A Paper Log House

Japanese architect Shigeru Ban’s Paper Log House has been added to a Glass House and a Brick House at architect Philip Johnson’s former estate in New Canaan, Connecticut. It’s a small house — just one room — and it’s made mostly of paper, but it’s more resilient than it looks.

The foundation is made of milk crates, rather than reclaimed Japanese beer crates filled with sandbags. The walls are vertical paper tubes — like those used for mailing documents or spooling carpet — held together with foam tape and threaded rods; the roof is made from more paper tubes fastened with plywood connectors.

Those tubes and their surprising strength are a longstanding fascination for Mr. Ban. Since he graduated from the Cooper Union in New York and started his architecture practice in Tokyo in 1985, he has designed paper-tube homes, bridges, churches, offices and exhibition pavilions, temporary and permanent, as well as an enormous arch that covered the Museum of Modern Art’s sculpture garden in 2000.

His paper-tube homes have been used in Rwanda, Turkey, India, Haiti, China, Hawaii and New Zealand as shelters for those who lost their homes in a disaster. The paper tube, Mr. Ban said, is ideal for building in disaster situations because “it’s lightweight, it’s inexpensive and it’s available almost anywhere in the world.”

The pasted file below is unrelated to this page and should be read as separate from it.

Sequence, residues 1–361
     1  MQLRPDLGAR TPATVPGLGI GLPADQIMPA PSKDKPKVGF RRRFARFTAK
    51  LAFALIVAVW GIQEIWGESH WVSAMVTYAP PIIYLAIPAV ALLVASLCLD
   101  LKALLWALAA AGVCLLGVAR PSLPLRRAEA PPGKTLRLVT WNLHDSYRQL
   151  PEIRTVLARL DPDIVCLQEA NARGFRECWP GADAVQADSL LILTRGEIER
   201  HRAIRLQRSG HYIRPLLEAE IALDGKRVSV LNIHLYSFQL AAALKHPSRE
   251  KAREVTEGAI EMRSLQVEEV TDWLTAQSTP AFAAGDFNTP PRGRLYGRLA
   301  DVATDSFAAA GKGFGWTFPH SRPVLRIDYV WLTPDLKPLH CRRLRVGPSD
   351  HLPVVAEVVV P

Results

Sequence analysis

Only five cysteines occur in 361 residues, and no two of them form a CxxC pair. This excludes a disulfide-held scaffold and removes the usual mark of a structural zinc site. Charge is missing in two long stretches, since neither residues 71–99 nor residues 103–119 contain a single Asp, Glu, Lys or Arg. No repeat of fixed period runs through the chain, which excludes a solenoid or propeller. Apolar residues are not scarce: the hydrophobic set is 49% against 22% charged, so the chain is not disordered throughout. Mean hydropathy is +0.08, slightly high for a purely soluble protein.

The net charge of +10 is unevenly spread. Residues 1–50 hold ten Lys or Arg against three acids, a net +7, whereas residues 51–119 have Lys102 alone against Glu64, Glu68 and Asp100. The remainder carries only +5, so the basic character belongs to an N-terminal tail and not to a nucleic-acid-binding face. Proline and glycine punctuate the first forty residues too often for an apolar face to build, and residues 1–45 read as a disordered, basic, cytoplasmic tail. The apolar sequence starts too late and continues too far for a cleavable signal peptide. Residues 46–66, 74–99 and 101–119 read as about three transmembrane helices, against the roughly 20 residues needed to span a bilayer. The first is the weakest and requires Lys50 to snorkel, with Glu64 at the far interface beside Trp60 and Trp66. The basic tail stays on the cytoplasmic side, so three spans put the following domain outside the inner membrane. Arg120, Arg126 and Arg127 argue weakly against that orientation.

You can read the original article at www.nytimes.com

4 thoughts on “A Paper Log House”

    • With proper engineering, I expect one could go more than one story. After all the architect has built bridges with this material.

  1. How’s the paper waterproofed? I could be wrong, but unless some sort of coating or something is over the paper, the building will disintegrate the moment it starts to rain! That said, this cottage is definitely ingenious and creative!

    • I don’t think there is any attempt to waterproof the paper; it is protected by roof overhangs and will dry out in the air. Many of the paper buildings have been temporary shelters.


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